Thursday, March 19, 2009

Lower East Side Tenement Museum

Over spring break, I visited the Lower East Side Tenement Museum on Manhattan (on the same day I stumbled across the Storefront for Art and Architecture), it's a pretty amazing place (Here's their Flickr page, I took all the images for this post from there).

The LESTM is part living museum and part public health campaign. They offer a set of guided tours throughout the various tenements they have on display, offering narratives that are both compelling and insightful. I love that someone has taken the thought and effort to preserve (and in some cases, recreate) an important social and architectural institution that has been forgotten, despite its contemporary relevance.

This was an interesting experience, because going into the tour, I was expecting a more architecture-centric experience, but instead, the tour was presented with an emphasis on the oppressed humanity of the tenement and on the immigrant experience so intimately related to this housing type. This discussion led to a broader discussion on not only issues of social justice, but of American and immigrant culture, in general, and how all of these various and disparate topics are still incredibly relevent to contemporary American issues with identity, housing, and immigration.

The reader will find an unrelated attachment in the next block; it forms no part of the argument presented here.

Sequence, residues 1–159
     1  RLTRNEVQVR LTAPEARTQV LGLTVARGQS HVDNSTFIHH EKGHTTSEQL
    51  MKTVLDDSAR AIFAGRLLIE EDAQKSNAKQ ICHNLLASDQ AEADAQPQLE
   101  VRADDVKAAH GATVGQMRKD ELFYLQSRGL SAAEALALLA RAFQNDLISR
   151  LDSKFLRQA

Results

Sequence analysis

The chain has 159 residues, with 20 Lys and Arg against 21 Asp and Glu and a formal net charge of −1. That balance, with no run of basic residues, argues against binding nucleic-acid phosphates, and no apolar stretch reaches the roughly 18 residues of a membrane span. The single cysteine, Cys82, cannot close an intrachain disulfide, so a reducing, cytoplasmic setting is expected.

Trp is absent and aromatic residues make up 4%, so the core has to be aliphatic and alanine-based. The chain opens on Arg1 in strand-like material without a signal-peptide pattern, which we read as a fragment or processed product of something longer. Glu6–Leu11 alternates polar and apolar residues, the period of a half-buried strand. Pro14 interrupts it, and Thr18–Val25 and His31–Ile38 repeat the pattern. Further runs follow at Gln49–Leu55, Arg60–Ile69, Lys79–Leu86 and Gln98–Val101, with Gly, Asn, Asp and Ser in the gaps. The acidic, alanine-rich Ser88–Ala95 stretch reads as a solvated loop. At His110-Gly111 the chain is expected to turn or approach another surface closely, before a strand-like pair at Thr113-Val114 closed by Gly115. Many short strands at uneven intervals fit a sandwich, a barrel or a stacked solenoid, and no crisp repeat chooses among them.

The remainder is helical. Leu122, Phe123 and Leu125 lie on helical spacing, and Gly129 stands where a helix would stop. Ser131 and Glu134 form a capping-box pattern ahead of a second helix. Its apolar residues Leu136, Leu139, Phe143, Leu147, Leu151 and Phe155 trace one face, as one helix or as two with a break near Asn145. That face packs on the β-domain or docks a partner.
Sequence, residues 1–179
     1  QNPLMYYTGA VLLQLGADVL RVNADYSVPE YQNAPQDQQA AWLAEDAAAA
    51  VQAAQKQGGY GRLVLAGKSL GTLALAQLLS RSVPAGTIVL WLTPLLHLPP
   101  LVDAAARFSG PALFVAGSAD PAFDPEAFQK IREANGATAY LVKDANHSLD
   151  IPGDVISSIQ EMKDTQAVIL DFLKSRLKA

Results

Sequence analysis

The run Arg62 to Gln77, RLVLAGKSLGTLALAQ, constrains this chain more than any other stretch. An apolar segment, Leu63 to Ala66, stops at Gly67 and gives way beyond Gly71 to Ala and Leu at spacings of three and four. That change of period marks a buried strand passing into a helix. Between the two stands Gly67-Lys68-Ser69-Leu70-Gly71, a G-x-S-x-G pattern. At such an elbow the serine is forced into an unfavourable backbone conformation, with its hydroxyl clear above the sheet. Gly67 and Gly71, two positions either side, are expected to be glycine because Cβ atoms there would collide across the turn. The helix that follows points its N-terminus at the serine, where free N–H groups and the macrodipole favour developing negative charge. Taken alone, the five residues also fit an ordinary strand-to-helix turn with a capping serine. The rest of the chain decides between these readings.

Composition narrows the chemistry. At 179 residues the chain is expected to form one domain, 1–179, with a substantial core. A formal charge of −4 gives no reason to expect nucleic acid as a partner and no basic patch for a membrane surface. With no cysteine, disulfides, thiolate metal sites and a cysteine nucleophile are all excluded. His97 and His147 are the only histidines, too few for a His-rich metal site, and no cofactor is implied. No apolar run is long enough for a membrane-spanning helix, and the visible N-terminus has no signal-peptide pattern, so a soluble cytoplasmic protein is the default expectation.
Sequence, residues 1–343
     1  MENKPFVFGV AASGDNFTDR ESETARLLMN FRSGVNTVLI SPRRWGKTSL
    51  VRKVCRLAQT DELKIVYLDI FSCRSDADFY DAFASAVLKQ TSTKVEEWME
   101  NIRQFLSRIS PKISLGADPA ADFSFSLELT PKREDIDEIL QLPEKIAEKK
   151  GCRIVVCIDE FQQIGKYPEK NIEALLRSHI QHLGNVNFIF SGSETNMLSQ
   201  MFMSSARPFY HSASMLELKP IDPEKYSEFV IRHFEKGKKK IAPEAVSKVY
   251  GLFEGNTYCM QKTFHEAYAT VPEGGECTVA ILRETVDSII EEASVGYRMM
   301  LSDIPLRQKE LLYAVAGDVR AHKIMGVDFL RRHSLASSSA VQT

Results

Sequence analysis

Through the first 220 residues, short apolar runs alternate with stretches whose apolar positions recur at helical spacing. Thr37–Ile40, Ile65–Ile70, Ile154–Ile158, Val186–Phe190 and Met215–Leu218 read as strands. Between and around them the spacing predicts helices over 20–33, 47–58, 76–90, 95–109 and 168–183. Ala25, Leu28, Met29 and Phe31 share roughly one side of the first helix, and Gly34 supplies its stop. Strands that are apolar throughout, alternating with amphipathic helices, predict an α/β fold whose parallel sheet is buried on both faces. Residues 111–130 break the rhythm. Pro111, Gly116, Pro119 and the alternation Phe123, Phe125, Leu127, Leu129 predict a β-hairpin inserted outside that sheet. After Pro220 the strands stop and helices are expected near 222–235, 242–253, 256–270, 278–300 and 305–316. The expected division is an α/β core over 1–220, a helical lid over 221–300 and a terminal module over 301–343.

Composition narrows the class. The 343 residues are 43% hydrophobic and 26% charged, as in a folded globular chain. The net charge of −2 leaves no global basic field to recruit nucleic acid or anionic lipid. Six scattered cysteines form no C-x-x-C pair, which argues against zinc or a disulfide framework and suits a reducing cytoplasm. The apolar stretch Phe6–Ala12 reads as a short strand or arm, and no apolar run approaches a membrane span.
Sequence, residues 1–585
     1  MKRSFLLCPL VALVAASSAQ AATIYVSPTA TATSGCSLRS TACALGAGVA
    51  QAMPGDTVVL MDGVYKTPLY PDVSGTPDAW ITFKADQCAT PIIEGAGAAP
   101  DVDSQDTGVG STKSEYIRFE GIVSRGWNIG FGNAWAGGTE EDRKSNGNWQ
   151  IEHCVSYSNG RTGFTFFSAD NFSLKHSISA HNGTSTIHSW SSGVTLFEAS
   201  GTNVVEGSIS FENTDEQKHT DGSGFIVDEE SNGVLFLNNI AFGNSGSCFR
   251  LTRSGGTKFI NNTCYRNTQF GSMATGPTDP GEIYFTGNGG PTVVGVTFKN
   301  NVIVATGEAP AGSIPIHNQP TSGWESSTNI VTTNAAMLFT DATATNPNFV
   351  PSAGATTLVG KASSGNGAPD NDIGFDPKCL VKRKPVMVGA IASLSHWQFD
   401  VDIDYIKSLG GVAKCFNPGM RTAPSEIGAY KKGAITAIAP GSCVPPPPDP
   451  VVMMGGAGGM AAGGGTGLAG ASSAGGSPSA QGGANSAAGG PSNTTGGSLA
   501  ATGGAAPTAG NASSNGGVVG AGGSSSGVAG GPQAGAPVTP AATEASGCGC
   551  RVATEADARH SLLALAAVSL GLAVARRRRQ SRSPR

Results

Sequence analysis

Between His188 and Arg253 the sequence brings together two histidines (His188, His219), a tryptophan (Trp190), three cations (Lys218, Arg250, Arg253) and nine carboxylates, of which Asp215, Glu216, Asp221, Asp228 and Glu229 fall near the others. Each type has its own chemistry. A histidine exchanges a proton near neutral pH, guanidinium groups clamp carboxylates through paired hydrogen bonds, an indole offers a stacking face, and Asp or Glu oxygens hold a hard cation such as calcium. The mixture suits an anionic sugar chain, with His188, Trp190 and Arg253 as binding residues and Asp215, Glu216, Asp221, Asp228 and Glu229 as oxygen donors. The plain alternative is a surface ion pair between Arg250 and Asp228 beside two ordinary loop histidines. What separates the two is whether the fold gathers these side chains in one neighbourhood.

One interesting realization that I made at the Tenement Museum related to something that's probably pretty mundane: detail. I was stunned by the exquisite level of detail these tenements possessed in terms of their decoration. Although they were the cramped, dark, and damp homes for many impoverished and maligned families, the walls, floors, and ceilings of every room were covered in a sumptuous and incredible level of detail: floral motifs, imprinted patterns, geometric shapes, colors abound! While I understand that much of this has to do with the aesthetic culture of the day, it is still fascinating to see that a place for the downtrodden contained a certain richness that has altogether been forgotten and lost. The Tenement Museum does an excellent job of showcasing this sort of everyday-life level of detail.

This isn't something you can get from books or images, you have to see it, smell it. In order to really know how these people lived, one must squint through the humidity, breathe in the musk of poverty, caress the frayed edges of a marginalized society. The closer we come to understanding how the past subjugated its poor, the better able we will be to prevent contemporaneous tragedies.

After all, that's the point of the past, isn't it? To learn.

Upcycle, please

Antonio Pacheco

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